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Tickets are still available to Robyn Hitchcock this Sunday night.

Talking cats, Nashville and music with Robyn Hitchcock

British singer-songwriter and cult favorite Robyn Hitchcock comes to Milwaukee this weekend after releasing his 21st album, "Robyn Hitchcock."

"It's a good place to start," says Hitchcock. "If you like this one, you'll like my 20 other albums."

In the late '70s, Hitchcock was a member of The Soft Boys and went on to make about a half dozen albums with his band, The Egyptians. His musical and lyrical styles have been influenced by Bob Dylan, John Lennon and Syd Barrett.

Hitchcock will perform in The Back Room at Colectivo, 2211 N. Prospect Ave., on Sunday, June 18. The show starts at 8 p.m. and tickets are available here.

OnMilwaukee: How do you feel about your new album?

Robyn Hitchcock: It's not really different from my other albums, more of a distillation of what I do. It's a good place to start. If you like this one, you'll like the 20 from the past.

I'm not an innovator - I'm a summarizer or a condenser. I haven't had anything new in terms of sound; I just know what I love in music.

What are your thoughts about Milwaukee?

I enjoy going to the lake. And I like that bookshop in the airport. The last time I was there I bought a book by Nabokov. I think that's a fantastic way to welcome people: with books. I hope that bookshop is still there.

It's is! It's called Renaissance Books. So … do you enjoy touring?

I love playing live, but I would mind not flying so much. I'm a chronic frequent flyer; a world shredder. I have contributed to the destruction of the environment by jetting around the place. I know that's not right, but that's how I make my living. If only I could wave a wand and make a pumpkin into a carriage.

How do you like living in Nashville?

I can't say it's affected the way I write songs, but it's definitely stimulating. There are so many musicals about. It's an exciting place to be.

Did you go there for music or for a person or both?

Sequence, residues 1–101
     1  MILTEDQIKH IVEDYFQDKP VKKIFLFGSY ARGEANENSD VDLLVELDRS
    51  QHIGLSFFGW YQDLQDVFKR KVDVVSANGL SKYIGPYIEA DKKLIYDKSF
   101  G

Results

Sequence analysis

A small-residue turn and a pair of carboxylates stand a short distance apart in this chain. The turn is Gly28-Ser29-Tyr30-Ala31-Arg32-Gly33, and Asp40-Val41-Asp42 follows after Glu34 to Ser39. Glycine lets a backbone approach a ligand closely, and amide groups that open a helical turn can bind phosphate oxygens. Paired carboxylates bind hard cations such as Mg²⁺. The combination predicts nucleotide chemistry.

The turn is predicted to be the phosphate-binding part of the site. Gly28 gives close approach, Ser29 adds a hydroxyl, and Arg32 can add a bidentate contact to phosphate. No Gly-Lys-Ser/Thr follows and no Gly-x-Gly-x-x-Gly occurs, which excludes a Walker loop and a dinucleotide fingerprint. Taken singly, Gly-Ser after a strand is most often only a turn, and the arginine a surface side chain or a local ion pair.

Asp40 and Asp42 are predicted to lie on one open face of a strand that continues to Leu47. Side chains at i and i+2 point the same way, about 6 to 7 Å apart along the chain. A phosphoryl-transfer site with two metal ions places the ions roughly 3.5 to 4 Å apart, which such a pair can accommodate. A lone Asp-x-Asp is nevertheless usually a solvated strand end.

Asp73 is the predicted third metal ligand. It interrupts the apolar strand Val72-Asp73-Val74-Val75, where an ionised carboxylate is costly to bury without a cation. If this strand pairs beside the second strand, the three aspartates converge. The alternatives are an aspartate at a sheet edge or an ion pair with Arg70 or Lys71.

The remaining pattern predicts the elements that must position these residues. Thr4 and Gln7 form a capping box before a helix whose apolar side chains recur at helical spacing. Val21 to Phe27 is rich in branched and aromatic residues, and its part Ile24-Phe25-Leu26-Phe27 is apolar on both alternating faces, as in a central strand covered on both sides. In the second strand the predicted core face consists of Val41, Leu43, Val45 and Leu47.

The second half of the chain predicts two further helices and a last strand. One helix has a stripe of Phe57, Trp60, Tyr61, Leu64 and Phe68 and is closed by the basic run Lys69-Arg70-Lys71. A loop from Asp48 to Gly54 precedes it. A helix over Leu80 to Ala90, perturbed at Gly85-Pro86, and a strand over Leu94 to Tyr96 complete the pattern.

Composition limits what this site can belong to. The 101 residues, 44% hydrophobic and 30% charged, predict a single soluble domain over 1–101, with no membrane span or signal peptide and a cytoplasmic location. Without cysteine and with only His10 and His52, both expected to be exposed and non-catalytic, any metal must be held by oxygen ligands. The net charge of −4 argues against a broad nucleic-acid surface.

My partner, Emma, is Australian, but she was living here when we meet. We fluttered around the world for a bit, but we came back here. I totally did not see it coming, but here I am.

Do you have kids?

Yes, but they're old. Older than me.

Any pets?

A lot of cats. More than I would have thought. In my 20s, I didn't get cats at all, but I do now. I'm a cat man now.

What do you like about cats?

They're are smart, good looking, inscrutable and very understanding. They are parallel to us, they have intelligence and emotions not quite the same as we do, but you can see the connections between us like you can see the connections between Earth and Mars – we are in the same solar system, yet we are different. If they were five times their size they would eat us, instead we give them their breakfast. They're miniature lions that will soon get articulated thumbs so they can send emails and texts and improve health care.

Short answer? I like being around them.

What do you miss about Britain?

I miss the clouds and the damp and the drizzle. I miss the reality check that you get in Britain, but also really glad to be rid of it. I'm more ambitious and fanciful here, more of a careerist because I've always done better here than in Britain.

I have so many friends here I don't even think of this as a foreign country. I've slowly become American over 30 years. Everyone here is an import except the Native Americans. We're all follicles growing on a foreign scalp and here I am: one such follicle.

Are you more comfortable with or bothered by aging?

It's funny how you squander your youth on strange hairstyles. In the 80s I had a mullet. I didn't have a good hairstyle until 40. And now I have a lot of things men my age don't have. I'm a professional adolescent – people pay me to not grow up. I'm lucky.

How have you kept steam over years?

It's not like I'm super healthy, but I haven't been diagnosed with anything, either. But if you said, 'Give me 10, Hitchcock,' I'd likely just lie on the floor.

I don't know what keeps me going. I'm very relentless, habitual. I trained myself from age 15 to 25 by writing about 300 terrible songs and then it suddenly began to click. I now have a songwriting habit which I fund by playing live

I never say 'I'm going to write now" or 'I must write.' It just builds up – it's an accumulation like gravy or puss or rain – and eventually the tank is full and I have to let it out. That's what I do and I will do that until after I'm dead.

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